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Millennia-Old Microbes Found Alive in Deep-Ocean Muck

The views expressed are those of the author and are not necessarily those of Scientific American.


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mud-coreA sparse community of microbes can persist for eons in the clay beneath the deep blue sea. When scientists drilled into the Pacific Ocean bottom and pulled up a long core of clay, they also pulled up microbes living on so little that it was hard for the scientists to tell if they were alive in the first place.

The microbes are still being precisely identified but they are not like the other deep-sea extremophiles that scientists have found everywhere from hydrothermal vents to more than a kilometer beneath some parts of the ocean floor. These microbes, like those closer to the surface, rely on oxygen to live—unlike other denizens of the deep sea muck that find the reactive element inimical to their lifestyle and were driven to the dark, secret places of the planet when photosynthetic organisms like plankton began to fill the atmosphere with oxygen more than 2 billion years ago.

The site where these microbes were found is beneath the North Pacific Gyre, a massive whirl of current north of Hawaii. Since there is hardly any land nearby, precious little dead plankton and other nutritious detritus falls to the seafloor—only 0.2 millimeters accumulates every thousand years—and what does mostly gets consumed by quicker-living microbes on the surface of the seafloor. But when scientists drilled a core during a cruise of the Woods Hole Oceanographic Institution’s Knorr research vessel, they found roughly 1,000 cells of these bacteria and archaea living in extreme slow-motion per cubic centimeter’s worth of mud core from 20 meters below the bottom of the ocean.

That depth suggests these microbes have persisted for 86 million years and haven’t seen fresh food since dinosaurs roamed the Earth. To cope, these newly-found microbes use oxygen to respire—or convert food into energy and release the waste byproducts—10,000 times slower than microbes on the surface of the seafloor, leading the scientists who conducted the research, and published it in Science on May 18, to write that “these microbial communities may be living at the minimum energy flux needed for prokaryotic cells to subsist.”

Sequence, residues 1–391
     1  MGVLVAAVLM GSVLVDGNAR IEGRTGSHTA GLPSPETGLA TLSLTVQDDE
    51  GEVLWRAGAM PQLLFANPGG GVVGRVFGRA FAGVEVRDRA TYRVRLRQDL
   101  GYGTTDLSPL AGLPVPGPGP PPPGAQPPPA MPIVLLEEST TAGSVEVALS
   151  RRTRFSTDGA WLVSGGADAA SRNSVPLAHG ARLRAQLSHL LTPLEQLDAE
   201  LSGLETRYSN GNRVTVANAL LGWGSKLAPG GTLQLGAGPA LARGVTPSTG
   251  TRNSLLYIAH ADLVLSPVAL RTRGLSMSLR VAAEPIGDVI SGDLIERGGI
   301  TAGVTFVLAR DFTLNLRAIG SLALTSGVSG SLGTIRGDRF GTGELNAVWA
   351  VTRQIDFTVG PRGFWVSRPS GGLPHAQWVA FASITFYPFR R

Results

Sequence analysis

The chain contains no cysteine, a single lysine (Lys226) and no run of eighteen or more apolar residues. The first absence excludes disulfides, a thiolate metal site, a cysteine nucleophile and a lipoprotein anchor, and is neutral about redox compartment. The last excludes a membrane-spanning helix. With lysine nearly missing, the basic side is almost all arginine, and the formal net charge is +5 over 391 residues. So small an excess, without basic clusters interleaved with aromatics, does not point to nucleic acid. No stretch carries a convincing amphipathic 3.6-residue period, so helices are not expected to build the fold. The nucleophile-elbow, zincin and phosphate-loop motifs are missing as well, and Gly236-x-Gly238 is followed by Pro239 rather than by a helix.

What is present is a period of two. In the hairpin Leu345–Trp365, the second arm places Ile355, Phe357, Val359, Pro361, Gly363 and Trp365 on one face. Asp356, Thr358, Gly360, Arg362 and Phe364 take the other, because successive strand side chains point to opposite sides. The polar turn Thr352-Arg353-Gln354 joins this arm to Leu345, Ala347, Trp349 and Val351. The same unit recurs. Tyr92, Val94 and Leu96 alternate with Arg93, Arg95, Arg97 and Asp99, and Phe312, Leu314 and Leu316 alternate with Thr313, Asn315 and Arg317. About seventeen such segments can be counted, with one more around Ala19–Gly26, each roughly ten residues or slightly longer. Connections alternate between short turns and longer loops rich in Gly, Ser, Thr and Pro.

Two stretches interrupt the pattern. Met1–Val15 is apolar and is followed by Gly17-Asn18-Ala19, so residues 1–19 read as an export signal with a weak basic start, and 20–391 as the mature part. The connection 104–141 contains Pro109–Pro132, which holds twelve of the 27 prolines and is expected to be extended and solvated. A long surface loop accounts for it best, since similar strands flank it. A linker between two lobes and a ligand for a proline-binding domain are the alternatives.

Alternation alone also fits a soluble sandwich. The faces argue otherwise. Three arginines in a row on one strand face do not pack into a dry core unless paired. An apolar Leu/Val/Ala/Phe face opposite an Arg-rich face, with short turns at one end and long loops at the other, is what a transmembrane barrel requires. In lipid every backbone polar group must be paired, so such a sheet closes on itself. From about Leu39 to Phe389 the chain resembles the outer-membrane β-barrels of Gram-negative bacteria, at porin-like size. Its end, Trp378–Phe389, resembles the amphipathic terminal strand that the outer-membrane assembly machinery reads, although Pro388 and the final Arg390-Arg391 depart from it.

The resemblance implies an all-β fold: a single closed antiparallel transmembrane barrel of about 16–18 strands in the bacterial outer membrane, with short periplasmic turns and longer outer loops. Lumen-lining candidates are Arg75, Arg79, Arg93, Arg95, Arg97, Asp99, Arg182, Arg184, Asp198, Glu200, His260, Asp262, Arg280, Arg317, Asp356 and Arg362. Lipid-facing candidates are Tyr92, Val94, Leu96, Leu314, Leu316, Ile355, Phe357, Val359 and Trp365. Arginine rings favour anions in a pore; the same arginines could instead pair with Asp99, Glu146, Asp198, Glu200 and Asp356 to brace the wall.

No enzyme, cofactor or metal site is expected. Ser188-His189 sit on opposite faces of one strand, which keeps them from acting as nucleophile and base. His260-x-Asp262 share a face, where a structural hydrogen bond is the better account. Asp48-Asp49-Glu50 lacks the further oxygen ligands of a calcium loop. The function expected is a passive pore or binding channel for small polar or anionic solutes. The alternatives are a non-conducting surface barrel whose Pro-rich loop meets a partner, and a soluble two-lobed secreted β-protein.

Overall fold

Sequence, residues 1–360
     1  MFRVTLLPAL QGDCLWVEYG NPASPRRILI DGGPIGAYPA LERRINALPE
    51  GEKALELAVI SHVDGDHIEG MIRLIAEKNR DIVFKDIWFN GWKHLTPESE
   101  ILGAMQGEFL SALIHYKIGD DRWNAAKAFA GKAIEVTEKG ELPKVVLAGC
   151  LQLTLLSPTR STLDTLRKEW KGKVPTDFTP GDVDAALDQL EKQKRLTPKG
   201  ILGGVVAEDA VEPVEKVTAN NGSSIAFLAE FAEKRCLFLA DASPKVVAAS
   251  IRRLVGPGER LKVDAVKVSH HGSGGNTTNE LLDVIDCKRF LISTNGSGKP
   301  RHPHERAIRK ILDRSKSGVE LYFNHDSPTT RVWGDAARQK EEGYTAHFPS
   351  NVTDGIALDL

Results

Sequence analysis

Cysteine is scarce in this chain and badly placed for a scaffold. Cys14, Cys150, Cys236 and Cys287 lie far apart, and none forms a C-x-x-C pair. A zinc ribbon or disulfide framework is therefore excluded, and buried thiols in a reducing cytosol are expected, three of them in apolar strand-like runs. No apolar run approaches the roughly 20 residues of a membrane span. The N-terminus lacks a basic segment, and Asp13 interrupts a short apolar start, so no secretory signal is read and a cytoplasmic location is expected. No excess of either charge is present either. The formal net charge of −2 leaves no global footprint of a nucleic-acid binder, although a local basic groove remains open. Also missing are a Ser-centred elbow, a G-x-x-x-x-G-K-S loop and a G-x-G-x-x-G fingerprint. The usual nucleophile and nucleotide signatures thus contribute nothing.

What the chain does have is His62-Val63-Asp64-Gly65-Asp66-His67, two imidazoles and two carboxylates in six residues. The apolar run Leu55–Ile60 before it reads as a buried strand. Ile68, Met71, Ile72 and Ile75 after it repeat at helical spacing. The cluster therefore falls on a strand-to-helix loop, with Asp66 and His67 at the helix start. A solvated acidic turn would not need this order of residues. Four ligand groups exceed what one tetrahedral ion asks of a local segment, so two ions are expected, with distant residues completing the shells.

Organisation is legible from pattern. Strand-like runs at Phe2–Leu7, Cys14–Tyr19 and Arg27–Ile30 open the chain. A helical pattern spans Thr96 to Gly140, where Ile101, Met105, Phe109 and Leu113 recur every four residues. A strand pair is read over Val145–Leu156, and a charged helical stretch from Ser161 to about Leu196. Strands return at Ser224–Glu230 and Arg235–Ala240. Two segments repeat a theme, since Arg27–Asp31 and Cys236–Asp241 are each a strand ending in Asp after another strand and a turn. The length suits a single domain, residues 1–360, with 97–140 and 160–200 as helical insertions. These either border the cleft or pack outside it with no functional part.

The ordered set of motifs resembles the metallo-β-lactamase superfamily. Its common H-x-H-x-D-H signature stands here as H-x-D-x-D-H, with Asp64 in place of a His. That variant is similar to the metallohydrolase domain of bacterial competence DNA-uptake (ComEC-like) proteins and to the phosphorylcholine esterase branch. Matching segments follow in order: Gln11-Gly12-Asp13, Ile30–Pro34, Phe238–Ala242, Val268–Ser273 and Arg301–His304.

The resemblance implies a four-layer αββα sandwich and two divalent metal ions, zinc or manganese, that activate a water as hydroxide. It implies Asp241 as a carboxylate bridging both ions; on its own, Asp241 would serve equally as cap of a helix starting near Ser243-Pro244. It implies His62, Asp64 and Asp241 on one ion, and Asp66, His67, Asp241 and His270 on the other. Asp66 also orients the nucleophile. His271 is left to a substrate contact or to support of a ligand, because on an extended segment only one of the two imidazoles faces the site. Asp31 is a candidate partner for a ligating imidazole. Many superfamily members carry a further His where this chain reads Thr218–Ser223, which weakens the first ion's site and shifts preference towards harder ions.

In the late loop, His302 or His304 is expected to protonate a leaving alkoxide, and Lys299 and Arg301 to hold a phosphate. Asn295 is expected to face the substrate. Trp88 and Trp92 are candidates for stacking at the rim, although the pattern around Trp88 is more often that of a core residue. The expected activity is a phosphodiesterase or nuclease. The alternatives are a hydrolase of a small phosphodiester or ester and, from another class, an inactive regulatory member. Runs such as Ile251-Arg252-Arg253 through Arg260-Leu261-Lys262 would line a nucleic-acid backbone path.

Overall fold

That also suggests that these microbes might be thousands of years old—or even older—thanks to an extreme lifestyle of eating, breathing and building new cells only every few hundred years or more. In other words, live slow to die old.

Image: Photo by Bo Barker Jørgensen © Science / AAAS

David Biello About the Author: David Biello is the associate editor for environment and energy at Scientific American. Follow on Twitter @dbiello.

The views expressed are those of the author and are not necessarily those of Scientific American.





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  1. 1. jtdwyer 11:02 pm 05/18/2012

    Good report – I don’t have access to the research report but others news reports do not even mention that “they found roughly 1,000 cells of these bacteria and archaea living in extreme slow-motion per cubic centimeter’s worth of mud core…”

    They do infer that these microbes must have been originally buried in seafloor level clay, which became increasingly anaerobic as the strata accumulated. However, that would require that the microbes living near the ocean floor were capable of adopting some state of ‘hibernation’ to allow them to persist for these many millions of years since their burial.

    Has it been definitively determined that these microbes are not species that are specially adapted to the extreme conditions in which they’re found?

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  2. 2. singing flea 4:11 am 05/19/2012

    It makes one wonder what other kinds of life can be re-introduced into the modern world with this type of exploration. Is it possible that some long since buried virus or bacteria that could potentially kill humans be re-established as a new pandemic?

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  3. 3. geojellyroll 9:55 am 05/19/2012

    singing flea….no, there is nothing to fear from a bacteria that did not evolve to live in some relationship with multi-celled animals. We encounter thousands of new species (hundreds of billions in numbers) of bactera every day.

    Really interesting stuff. I’m sure everyone involved in biology regimens first thought about the equivalent of ‘quality control’ in these observations.

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  4. 4. Dragonkill460 1:16 pm 05/19/2012

    is there any proof to how old you say these things are? carbon dating is not quite 100% effective and the microbes are too small to be carbon dated anyway. how do you know that these things are millions of years old? what if they are like alligators or sharks that have survived since dinosaur times who reproduce and have a life span of about 20 years?

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  5. 5. singing flea 8:05 pm 05/19/2012

    Jellyroll says,”…no, there is nothing to fear from a bacteria that did not evolve to live in some relationship with multi-celled animals.”

    I am not worried about did not “evolve to live in some relationship with multi-celled animals.” I am concerned about the ones that did.

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  6. 6. jb1964 12:31 pm 05/20/2012

    I would imagine that over the course of millions of years, the DNA of these microbes would be severely compromised. I can’t imagine how they could still be living. Yes, there are DNA repair mechanism, but if the metabolism is 10,000x slower than normal, the rate of damage vs the rate of repair is skewed in favor of damage.

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